At the Moose Lodge 2188, 110 Gulf Drive S., Bradenton Beach, in June 2012, heavy surf resulted in a loss of beach as Tropical Storm Debby churned offshore in the Gulf of Mexico. Beach sand was sacrificed to Debby all along the island’s Gulf shore. Islander Photo: Mark Young
Rumors of the next beach renourishment project’s startup have been floating around the island for months.
In fact, Anna Maria Island Turtle Watch and Shorebird Monitoring executive director Suzi Fox was told earlier this year to prepare to move sea turtle nests during nesting season, which came May 1 and went Oct. 31.
But rumors were put to rest Dec. 5 when Manatee County Parks and Natural Resources director Charlie Hunsicker told a full gallery at the Bradenton Beach City Commission meeting that renourishment will begin Dec. 11.
Islanders can expect to see the U.S. Army Corps of Engineers contractors mobilize heavy equipment to begin what Hunsicker called a “sight to see.”
The project involves an offshore dredge, from which sand is pumped to shore in a pipeline, and moved and smoothed with heavy equipment into a beach extending beyond the present shoreline.
Hunsicker said the $16 million project was made possible by a federal emergency spending bill passed after damages from Tropical Storm Debby in June 2012 were assessed.
About 75 percent of the project will be funded through the federal spending bill with Manatee County resort development tax funds and state funds each paying 12 percent.
“We are the beneficiary of good, white, fine-grained sand and are the envy of many places around the world,” said Hunsicker, who noted that the island beaches are the most important tourist attraction in the county.
Hunsicker explained the natural process of sand movement in the Gulf of Mexico’s wave action. But storms such as Debby can have devastating consequences to the natural development of beaches.
He said it’s better to have a beach take the brunt of a storm rather than a residential or business district, which can result in the loss of tax dollars.
Hunsicker said it’s proven that a community with a healthy beach fares better from a storm event than a community with an unhealthy beach. For that reason alone, he said, upkeep of the island beaches is vital.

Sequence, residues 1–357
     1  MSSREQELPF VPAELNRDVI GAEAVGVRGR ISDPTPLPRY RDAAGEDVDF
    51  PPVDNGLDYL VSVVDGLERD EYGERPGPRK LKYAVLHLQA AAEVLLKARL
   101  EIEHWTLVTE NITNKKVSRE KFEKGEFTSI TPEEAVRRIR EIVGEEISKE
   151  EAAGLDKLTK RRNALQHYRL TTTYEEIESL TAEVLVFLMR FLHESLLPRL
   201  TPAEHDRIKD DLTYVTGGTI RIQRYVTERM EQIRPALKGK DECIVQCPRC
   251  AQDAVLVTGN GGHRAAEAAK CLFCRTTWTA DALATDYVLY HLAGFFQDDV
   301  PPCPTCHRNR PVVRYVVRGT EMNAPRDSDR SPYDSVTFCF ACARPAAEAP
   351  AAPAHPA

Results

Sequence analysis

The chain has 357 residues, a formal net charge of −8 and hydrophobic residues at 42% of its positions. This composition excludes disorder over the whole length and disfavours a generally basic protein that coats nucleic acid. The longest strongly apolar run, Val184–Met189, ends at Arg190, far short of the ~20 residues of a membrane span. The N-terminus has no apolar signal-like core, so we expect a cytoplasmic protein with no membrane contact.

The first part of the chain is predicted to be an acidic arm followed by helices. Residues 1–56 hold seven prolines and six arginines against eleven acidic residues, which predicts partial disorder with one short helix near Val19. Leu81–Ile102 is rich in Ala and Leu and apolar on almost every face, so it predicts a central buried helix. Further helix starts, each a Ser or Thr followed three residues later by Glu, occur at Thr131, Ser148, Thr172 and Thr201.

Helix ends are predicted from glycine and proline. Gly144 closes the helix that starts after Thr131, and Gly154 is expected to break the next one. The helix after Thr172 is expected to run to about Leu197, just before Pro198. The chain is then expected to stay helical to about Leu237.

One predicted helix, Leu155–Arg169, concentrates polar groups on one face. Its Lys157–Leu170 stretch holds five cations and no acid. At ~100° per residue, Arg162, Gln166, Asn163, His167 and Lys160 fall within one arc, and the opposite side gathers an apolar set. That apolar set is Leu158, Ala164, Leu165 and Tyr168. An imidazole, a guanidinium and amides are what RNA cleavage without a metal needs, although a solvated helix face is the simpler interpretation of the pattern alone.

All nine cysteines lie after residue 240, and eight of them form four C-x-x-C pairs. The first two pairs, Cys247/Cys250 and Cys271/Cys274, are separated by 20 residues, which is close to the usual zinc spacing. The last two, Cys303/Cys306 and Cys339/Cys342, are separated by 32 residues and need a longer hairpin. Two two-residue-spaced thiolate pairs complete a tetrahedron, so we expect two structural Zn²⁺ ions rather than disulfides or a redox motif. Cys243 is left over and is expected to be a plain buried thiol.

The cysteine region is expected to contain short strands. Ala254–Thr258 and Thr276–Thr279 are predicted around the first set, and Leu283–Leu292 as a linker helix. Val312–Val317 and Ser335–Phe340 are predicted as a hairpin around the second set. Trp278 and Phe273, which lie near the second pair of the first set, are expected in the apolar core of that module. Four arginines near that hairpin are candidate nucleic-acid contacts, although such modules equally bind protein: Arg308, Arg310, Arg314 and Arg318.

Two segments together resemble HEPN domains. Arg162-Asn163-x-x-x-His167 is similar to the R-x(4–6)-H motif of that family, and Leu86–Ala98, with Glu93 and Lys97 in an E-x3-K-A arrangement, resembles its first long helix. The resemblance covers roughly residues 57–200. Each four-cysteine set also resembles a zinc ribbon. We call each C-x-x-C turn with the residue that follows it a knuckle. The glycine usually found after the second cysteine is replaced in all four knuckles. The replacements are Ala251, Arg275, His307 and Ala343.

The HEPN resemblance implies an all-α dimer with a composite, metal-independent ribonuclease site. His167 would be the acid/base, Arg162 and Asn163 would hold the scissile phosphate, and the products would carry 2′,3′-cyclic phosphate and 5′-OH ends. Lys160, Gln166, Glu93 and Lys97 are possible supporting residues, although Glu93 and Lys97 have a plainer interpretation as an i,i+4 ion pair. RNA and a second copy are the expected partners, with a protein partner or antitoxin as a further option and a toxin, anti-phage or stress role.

The project is expected to end around mid-February, at which time a second phase unrelated to the main project will take place at Coquina Beach.
The Coquina Beach project is expected to end sometime in late March or early April.
Also scheduled: the replacement of three erosion-control groins along Cortez Beach, which is expected to be completed sometime in early 2015.
In other business, commissioners put the cell tower proposal on hold.
It was an action item the prior commission tried to get done before the Nov. 5 election, but was unable to do so in time and now the cell tower proposal has hit its first obstacle under the new administration — one commissioner publicly opposed the cell tower as a citizen.
City attorney Ricinda Perry brought forward an easement request needed by Verizon to run underground cable to the proposed cell tower site at the end of Church Avenue and next to the public works building where a land-lease agreement has been authorized by the prior board.
Commissioner Janie Robertson previously opposed the location and the idea of the city giving up public property for a private venture.
Perry said the 10-foot easement was necessary for the cell tower to function, but Verizon submitted only a text description of the easement.
Robertson said at the meeting that the description was too difficult to comprehend and that it appeared to add up to a lot more than 10 feet.
Perry agreed, saying it is typical for a sketch to be included in an easement description, but Verizon did not submit one.
“It looks like our new parking lot is being leased away,” said Robertson. “I don’t know if I want to do that.” She said her understanding is that “we can’t do anything with our property because there is some underground wiring there.”
Commissioner Jan Vosburgh and Vice Mayor Ed Straight remain on the commission and support the cell tower proposal and location.
“I don’t see any other choice,” said Straight. “We have to have a cell tower.”
Robertson said the location ties the city’s hands for decades and said the city couldn’t even plant a tree in the easement if it wants.
“I think the whole thing needs to be rethought,” she said.
Vosburgh suggested an expert be brought in to explain the easement to Robertson and Mayor Bill Shearon asked Perry if the matter is time sensitive.
Perry said it was not and suggested a presentation, including a sketch of the easement, from Verizon would be a good idea.
Commissioner Jack Clarke moved to table the Verizon easement until a later date, which was seconded by Straight and unanimously approved.